About Butterfly’s Web Fiber Arts and Artisan Yarn


I love color and textures and translating them into delicious yarns and fibers. My shop offers a full array of handspun and mill spun yarns plus roving and batts for spinning, all of which are naturally dyed.


My first adventure with natural dyeing was with Martha Owen at the John C. Campbell Folk School. Thank you, Martha! As I progressed in my explorations I turned to synthetic dyes as well, and developed many beautiful colorways and yarns that I continue to sell locally. But in recent years, especially in light of the many environmental stresses and problems that have manifested, I have turned back to the Earth and now work mainly with her natural paintbox, channeling the creative energies so freely offered by Mother Nature. Many of the dye plants I use grow right here on the farm.


I love luxurious fibers and the way they look and feel when worn. They are a joy to work with! Most of the yarn that I purchase prespun is merino or alpaca. Much of it is organic and some also contains silk, seaweed, or bamboo rayon for added sheen and drape.
Roving naturally dyed with Queen Anne's Lace, Indigo and Madder, with a touch of glitter
Héloïse "Butterfly" Gerteiny spins alpaca fiber into yarn on the Great Wheel
Handspun yarn has warmth and beauty that are unique. I spin primarily in a woolen style, which produces a light, airy, and warm yarn. Handspun is soft and wonderful against the skin, and the color combinations are endless. I hand-select beautiful soft fleeces and dye the washed locks before any further preparation. I do love to add sparkle to some of my hand-spun yarns! I use spinning wheels as well as supported and drop handspindles to produce naturally dyed handspun confections. I source locally where possible and hand-select the fleeces I spin. Fibers include Alpaca, Cormo, Corriedale, Merino, Bluefaced Leicester, Silk, and whatever else I find that is wonderful to look at and touch.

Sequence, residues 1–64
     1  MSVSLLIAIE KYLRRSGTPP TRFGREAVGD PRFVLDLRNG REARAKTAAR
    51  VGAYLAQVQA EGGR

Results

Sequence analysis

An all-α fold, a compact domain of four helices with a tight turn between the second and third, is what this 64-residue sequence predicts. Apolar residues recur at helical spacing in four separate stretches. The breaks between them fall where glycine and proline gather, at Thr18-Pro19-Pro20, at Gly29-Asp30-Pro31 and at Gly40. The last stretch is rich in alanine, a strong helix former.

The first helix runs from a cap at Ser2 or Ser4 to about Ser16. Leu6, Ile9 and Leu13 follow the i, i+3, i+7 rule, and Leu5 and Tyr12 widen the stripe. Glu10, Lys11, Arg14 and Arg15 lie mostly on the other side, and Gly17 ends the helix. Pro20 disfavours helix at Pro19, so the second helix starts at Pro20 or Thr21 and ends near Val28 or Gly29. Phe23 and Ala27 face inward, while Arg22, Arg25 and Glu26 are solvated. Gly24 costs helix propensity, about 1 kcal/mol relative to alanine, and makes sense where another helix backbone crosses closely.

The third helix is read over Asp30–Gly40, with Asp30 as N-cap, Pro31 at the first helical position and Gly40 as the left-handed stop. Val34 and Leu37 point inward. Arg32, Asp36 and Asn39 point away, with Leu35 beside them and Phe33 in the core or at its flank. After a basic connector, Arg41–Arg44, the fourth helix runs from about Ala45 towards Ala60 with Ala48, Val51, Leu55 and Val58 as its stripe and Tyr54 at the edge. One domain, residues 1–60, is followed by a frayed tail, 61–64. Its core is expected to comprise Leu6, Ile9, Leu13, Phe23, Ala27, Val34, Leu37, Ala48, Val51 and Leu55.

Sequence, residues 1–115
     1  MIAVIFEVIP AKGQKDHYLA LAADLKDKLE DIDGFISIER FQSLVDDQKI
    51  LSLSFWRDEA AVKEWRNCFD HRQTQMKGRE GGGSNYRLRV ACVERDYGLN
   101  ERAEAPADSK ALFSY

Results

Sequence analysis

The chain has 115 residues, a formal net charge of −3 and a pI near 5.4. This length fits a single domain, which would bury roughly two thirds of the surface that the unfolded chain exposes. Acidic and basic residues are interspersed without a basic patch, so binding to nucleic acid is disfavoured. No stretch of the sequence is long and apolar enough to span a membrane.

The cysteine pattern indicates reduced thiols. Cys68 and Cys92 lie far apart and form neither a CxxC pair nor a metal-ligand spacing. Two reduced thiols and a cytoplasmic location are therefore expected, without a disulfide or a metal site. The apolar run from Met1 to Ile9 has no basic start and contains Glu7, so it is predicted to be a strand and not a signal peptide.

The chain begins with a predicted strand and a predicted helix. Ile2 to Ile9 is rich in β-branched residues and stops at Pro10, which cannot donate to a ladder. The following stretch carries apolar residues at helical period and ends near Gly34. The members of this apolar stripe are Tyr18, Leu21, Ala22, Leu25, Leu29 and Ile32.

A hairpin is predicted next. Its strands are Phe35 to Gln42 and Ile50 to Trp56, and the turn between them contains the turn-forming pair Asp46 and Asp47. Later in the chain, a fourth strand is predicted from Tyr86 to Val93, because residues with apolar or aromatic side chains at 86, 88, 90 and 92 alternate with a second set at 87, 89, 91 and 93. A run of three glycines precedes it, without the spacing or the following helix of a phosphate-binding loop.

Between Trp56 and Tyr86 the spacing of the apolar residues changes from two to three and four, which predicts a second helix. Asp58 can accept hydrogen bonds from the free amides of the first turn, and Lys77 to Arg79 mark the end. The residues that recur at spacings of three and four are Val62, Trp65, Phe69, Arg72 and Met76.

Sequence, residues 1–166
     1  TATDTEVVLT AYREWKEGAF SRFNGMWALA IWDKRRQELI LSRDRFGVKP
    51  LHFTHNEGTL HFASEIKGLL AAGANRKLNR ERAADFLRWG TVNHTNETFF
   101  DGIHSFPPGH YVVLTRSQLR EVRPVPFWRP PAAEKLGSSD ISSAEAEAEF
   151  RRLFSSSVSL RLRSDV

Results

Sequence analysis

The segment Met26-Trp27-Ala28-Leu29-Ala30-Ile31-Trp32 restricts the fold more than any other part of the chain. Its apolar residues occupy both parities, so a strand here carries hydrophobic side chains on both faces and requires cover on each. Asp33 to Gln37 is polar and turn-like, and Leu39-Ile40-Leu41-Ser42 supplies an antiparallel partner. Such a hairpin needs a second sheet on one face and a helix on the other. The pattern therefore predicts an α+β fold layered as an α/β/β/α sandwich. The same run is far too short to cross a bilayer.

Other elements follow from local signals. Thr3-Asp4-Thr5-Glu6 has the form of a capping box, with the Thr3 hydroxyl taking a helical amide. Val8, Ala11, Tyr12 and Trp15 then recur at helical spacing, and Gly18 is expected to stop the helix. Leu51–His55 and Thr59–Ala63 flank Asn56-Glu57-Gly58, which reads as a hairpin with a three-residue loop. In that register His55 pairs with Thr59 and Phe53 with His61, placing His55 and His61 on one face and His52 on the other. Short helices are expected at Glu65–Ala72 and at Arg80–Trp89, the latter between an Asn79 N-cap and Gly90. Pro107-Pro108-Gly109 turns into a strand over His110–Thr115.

I liken commercial dyes to bistro cuisine – quick and tasty, with plenty of spice. Natural dyes are like slow food – lovingly prepared over several days, artistically combined, organically grown, and immensely satisfying.

From my studio to yours, I wish for you a delicious encounter with Nature’s own rainbow!


View this slideshow for a glimpse into our process for making naturally dyed yarns.

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Wonder how we make beautiful yarns from natural materials? Here’s a glimpse into our process.

Many of the plant sources of natural dyes grow wild here on the Cosmic Zoo Farm, so the first step is to harvest the plants.


Some flowers can be dried and stored for later use.

Sometimes the fiber needs to be dyed twice to achieve the right color. This fleece and mill spun alpaca yarn were dyed first with Queen Anne’s Lace for a yellow base color, then overdyed with indigo to produce these beautiful teal and green hues.

Usually we dye the fiber before spinning it into yarn. The next step is carding the fiber to create roving. Pictured here is dyed roving with a little shimmer added and ready for spinning.

Then we take the roving and spin it into singles…


Hand spindles are fun and so easy to carry around.



Whether on the Great Wheel…

Or our beloved production wheel, the singles are plyed into yarn…

Such as this fingering weight Cormo handspun with sparkle!

Some colors need to be dyed again to achieve a particular color. This mill spun Queen Anne’s Lace yellow yarn is being overdyed with indigo to produce green yarn.

It’s so exciting when the yarn takes the dye and begins to change color!

Others are dyed again to produce effects like this



Once the dyeing is complete, the yarn is hung to dry

And twisted neatly into skeins like these, ready for you to take home…

…and use to make your own exquisite creations!


Ready to try Madame Butterfly’s naturally dyed artisan yarns? Still have questions?

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